I believe we are already living in a time where all these above, and much more are being done, and it’s always improving. It is excellent to live this time and very exciting what will come next. We are sitting on edge of our chairs – for new and new surprises, which are yet to come.
3.) Are you optimistic or pessimistic about the ever-growing usage of technology?
Being away from my family and friends for long time, I have personally obtained the benefits of technology since early 2004. With telecommunication revolution in India, internet revolution, introduction of Microsoft Windows – all are examples of technology becoming reachable to mankind, in terms of affordability and usability. This was not there in the 1980s, at least not in India.
We could make long distance phone calls which were affordable, video calling through YAHOO messenger (later improved by Skype or Whatsapp), Apple brought the concept of APPs where they made several client applications making RPC or calling web-services (better experience than browsers in a mobile gadget) – all these made us feel long distances are not as long as it used to be. This is wonderful. I am always optimistic about it.
But as I said before, we should not overdo it. To me, I enjoy more when I meet my mother, than when I talk to her on Skype. That human touch is always important.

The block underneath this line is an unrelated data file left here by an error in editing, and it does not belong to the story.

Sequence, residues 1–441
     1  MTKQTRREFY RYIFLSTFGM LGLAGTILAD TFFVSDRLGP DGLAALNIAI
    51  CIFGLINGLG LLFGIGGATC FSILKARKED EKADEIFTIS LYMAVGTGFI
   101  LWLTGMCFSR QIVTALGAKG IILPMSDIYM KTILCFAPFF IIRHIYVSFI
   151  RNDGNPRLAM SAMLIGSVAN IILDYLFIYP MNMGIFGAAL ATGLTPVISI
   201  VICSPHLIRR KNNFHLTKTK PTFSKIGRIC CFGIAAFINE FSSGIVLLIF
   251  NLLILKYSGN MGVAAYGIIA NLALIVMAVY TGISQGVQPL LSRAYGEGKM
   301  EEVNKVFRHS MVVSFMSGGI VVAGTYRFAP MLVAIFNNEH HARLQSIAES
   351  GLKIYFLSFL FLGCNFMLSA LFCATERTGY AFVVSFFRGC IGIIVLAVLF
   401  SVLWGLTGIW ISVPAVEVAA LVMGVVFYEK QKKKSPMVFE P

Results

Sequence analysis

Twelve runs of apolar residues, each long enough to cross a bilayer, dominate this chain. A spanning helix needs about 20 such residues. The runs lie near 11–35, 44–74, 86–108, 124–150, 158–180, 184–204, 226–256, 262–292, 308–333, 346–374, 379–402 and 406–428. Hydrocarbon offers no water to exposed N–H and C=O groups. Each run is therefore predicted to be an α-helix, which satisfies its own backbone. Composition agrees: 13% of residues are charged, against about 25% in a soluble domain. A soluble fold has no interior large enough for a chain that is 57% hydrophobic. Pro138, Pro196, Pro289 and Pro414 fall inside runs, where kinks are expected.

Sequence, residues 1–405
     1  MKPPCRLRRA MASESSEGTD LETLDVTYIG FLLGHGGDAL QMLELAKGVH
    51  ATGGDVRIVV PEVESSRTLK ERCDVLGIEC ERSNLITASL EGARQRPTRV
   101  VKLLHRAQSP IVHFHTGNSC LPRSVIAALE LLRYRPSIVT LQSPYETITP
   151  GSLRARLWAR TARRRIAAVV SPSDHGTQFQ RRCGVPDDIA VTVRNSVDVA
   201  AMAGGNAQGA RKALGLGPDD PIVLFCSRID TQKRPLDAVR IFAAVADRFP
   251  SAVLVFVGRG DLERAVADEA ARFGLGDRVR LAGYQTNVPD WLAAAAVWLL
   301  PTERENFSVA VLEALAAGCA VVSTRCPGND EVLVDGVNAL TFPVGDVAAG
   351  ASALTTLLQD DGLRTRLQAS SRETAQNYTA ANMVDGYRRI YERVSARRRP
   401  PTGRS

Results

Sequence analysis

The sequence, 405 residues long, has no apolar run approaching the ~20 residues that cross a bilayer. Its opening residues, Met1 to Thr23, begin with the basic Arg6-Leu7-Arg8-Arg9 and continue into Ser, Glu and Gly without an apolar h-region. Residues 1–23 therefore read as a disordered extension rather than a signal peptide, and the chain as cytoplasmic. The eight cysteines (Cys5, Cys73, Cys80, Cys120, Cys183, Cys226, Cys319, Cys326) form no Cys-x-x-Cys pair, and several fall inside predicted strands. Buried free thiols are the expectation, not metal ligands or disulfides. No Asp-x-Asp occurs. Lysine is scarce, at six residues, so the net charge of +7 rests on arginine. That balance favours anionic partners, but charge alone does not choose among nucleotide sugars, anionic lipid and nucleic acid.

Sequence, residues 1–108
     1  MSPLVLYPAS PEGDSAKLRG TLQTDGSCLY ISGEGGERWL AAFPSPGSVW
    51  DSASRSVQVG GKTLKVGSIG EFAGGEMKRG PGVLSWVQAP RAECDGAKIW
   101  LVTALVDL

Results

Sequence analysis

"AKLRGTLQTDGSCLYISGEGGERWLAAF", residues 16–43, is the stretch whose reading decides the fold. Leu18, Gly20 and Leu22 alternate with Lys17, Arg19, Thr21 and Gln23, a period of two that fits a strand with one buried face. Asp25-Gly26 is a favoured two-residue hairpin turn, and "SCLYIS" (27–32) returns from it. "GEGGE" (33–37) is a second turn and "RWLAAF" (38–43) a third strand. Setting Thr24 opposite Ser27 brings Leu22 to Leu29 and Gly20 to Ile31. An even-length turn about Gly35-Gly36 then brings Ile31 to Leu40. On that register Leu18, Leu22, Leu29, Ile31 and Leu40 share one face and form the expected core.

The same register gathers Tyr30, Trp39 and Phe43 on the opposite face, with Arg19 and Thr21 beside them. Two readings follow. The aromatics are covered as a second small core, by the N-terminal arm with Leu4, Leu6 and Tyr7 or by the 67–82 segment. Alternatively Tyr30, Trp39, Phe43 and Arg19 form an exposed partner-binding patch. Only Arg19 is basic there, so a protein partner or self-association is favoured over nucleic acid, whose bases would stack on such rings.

4.) Who inspired / inspires you as a leader?
When I think of leadership, I see: Dr. A.P.J. Abdul Kalam (renowned scientist in Indian Space Research Organization and also former President of India). There were and still are several great leaders in this world who inspire me, however the meaning of true leadership, I first understood from speeches of Dr. Abdul Kalam. Below is one of my favorites:
5.) What do you think is crucial for modern leadership (in tech)?
Here I want to quote the great entrepreneur and Alibaba founder Jack Ma:
“Values, Believing, Independent Thinking, Teamwork, Care for others – these are the soft parts.”
Leadership is not an authority, it is a responsibility. The responsibility to make others feel safe in an organization, to listen to others regardless of their position, be approachable to all for whom he/she is the leader, and to communicate his/her vision and objective and explain why they should all work together to make it successful.
Modern day leadership often is mixed with management or authority, and it makes one-way communication. For any great organizations, this always has been different. Good leaders always find the right people, and once that’s done it is always a journey – a journey together.
6.) Where and how can people improve their leadership skills?
I believe leadership is something that cannot be taught or be learnt. It is something which comes from deep inside. It is about a feeling, care for others, be a pioneer in the path and show light to others who wish to follow the same path.
I believe good environment can make good leaders.
7.) What were the best and worst leadership experiences you had personally?
I experienced and worked with many good leaders who taught me to become a more matured and independent human being today. I never had bad leadership experiences – the ones I did not like, came to me as learning; I learnt what I should never do when I become a leader myself.